Reading J.R.R. Tolkien’s posthumous novel The Silmarillion is by no means an easy task. Set during the First Age, the novel reads a bit like a history text, chronicling the genesis of the land, Arda, how the Wizards came into being and the first of the first Dark Lord, Morgoth. Unlike The Lord of the Rings, which is advanced but still accessible, The Silmarillion can sometimes feel more like a chore to read. Which is a shame considering the wealth of information contained in the text. But there’s more than one way to experience The War of the Jewels and one such way is by listening to Blind Guardian’s iconic concept album, Nightfall in Middle-earth.
Who is Blind Guardian?
Blind Guardian are a German power metal band formed in the 90s. Their musical style uses a lot of double pedal drumming, guitar solos and epic riffs while keeping the vocals clean (no growling or screamo) in conjunction with Queen-esque harmonies in the choruses. It’s quite the mishmash of styles. If that doesn’t sound too wild to you, then the next step is to sit down, listen to the album while following along with the lyrics.
The Silmarillion in Heavy Metal
By doing this, you’ll end up following a narrative inspired by Tolkien’s most daunting work. Instead of music, the album actually opens in the thick of battle before transitioning to the spoken word. For instance, in the album’s opening track, we hear a conversation taking place between two unnamed individuals. These are chief figures in Tolkien’s works as we’re hearing the Dark Lord Morgoth, the King, talking with his servant for all time, which would be his lieutenant, Sauron.
Each and every song on the album retells a critical storypoint from The Silmarillion, specifically the War of the Jewels. Tracks like Mirror, Mirror recount how Turgon built the doomed city of Gondolin while Nightfall deals with the fallout Morgoth has inflicted, specifically from the point of view of Fëanor and his sons. The song When Sorrow Sang is about the fan favourite duo Beren and Lúthien, the man and elf romantic pair whose impact can be felt across almost all aspects of Tolkien’s legendarium. Aragorn even recounts their tale to Frodo and the hobbits in song during a scene from the extended cut of Fellowship of the Ring.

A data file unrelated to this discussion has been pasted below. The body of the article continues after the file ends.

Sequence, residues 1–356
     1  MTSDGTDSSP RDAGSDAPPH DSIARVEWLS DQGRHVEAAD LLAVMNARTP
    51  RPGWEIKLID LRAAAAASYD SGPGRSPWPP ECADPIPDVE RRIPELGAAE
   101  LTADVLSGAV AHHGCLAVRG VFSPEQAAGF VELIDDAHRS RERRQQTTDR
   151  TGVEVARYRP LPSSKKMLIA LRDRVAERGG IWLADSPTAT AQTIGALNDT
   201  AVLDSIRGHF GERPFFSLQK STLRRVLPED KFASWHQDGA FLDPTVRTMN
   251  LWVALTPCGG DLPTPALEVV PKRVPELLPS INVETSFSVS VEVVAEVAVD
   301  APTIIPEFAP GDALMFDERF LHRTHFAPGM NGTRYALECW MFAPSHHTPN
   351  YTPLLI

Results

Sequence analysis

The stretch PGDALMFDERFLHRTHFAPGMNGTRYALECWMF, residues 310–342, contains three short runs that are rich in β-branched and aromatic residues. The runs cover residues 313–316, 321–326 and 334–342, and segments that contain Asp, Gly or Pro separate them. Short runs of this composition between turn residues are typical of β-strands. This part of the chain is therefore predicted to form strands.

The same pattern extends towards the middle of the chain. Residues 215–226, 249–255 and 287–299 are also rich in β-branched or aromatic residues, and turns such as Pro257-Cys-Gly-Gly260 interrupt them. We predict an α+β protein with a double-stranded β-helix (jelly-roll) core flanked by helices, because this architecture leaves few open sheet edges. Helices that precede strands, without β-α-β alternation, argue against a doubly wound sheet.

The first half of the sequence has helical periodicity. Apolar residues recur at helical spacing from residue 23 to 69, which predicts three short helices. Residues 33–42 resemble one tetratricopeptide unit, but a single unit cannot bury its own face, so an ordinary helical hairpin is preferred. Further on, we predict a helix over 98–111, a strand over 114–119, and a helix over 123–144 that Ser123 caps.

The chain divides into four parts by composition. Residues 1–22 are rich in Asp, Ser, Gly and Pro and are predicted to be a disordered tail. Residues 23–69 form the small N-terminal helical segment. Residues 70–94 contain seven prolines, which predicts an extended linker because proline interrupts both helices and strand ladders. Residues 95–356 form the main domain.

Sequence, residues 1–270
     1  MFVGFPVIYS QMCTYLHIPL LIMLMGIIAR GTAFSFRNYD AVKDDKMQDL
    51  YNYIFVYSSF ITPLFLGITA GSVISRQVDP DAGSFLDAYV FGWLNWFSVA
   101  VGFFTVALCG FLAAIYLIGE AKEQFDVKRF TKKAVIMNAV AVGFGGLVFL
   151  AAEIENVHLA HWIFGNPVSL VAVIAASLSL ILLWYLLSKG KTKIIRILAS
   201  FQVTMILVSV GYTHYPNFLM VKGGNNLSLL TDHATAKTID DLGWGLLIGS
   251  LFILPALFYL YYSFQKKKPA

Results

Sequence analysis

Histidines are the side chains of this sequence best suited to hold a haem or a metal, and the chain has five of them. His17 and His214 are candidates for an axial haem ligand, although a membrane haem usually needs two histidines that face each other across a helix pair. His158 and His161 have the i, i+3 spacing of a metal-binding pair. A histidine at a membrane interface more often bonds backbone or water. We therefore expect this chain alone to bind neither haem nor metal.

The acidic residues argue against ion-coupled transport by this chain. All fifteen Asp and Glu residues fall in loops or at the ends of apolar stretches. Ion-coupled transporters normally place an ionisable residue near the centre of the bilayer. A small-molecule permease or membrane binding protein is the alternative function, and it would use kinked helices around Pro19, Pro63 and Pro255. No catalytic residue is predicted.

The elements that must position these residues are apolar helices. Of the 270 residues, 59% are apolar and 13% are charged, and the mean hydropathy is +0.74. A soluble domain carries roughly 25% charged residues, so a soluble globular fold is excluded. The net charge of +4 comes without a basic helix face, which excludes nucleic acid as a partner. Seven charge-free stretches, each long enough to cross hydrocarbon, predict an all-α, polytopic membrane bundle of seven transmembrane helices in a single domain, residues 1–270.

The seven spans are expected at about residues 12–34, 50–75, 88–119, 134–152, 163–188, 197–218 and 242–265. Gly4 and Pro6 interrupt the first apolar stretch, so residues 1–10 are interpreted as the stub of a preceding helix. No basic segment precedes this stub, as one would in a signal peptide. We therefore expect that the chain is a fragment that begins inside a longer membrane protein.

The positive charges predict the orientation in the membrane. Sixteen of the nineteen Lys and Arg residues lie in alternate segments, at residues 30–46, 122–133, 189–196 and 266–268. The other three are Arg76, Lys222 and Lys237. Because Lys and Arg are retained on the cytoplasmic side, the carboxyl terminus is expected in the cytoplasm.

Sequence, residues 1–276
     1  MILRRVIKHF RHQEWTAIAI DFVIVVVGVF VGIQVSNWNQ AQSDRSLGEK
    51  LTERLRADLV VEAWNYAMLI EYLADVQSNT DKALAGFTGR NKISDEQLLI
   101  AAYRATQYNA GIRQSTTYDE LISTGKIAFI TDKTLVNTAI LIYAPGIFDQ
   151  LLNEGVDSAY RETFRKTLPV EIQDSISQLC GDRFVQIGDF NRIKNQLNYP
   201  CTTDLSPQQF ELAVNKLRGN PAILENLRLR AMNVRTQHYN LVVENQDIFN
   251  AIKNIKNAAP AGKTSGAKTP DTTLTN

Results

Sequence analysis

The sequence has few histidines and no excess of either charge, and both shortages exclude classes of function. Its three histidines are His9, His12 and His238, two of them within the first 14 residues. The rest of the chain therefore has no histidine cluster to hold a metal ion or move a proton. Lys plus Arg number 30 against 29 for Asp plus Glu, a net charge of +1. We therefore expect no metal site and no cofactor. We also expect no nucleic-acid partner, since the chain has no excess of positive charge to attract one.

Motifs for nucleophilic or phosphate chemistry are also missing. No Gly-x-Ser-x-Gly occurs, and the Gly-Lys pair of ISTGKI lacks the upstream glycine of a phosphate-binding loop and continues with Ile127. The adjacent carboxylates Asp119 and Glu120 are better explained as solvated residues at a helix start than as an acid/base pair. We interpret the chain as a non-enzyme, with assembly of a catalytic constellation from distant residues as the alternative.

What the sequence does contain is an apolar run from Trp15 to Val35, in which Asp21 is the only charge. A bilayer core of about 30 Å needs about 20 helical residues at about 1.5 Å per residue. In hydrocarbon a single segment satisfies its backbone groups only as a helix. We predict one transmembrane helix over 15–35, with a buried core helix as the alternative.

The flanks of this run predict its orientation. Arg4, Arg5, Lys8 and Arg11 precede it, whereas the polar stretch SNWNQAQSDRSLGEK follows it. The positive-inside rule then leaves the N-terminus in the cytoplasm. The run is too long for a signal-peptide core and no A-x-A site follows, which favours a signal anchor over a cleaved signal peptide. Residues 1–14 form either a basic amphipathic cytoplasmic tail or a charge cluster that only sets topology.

Prepare for Amazon’s New Show
So why should you care about all of this First Age story right now? Well, if you plan on watching Amazon Studio’s upcoming (and still untitled) Lord of the Rings television series, the most expensive show of all time, then you should take some notes. While the show will chronicle the events depicted in the Second Age, it appears that the show won’t be limited by that timeline. The studio released a first look image when shooting of the series wrapped and fans have been quick to dissect the image for any useful information.
I initially theorized that the first-look image was either Numenor or Valar and it looks like it’ll be the latter if the two trees in the distance on the right hand side of the above image are The Two Trees of Valar. The gold and silver trees are what brought light to the Valinor and were destroyed by Morgoth and Ungoliant. This is a critical moment in The Silmarillion and is retold in the song Into the Storm, which takes place after the duo destroyed the trees. The last seed and flower of the remains would go on to become the sun and moon, respectively. So it’s a pretty important moment and one that will likely set the stage for the rest of the series, despite being set thousands of years prior to the primary timeline of the series.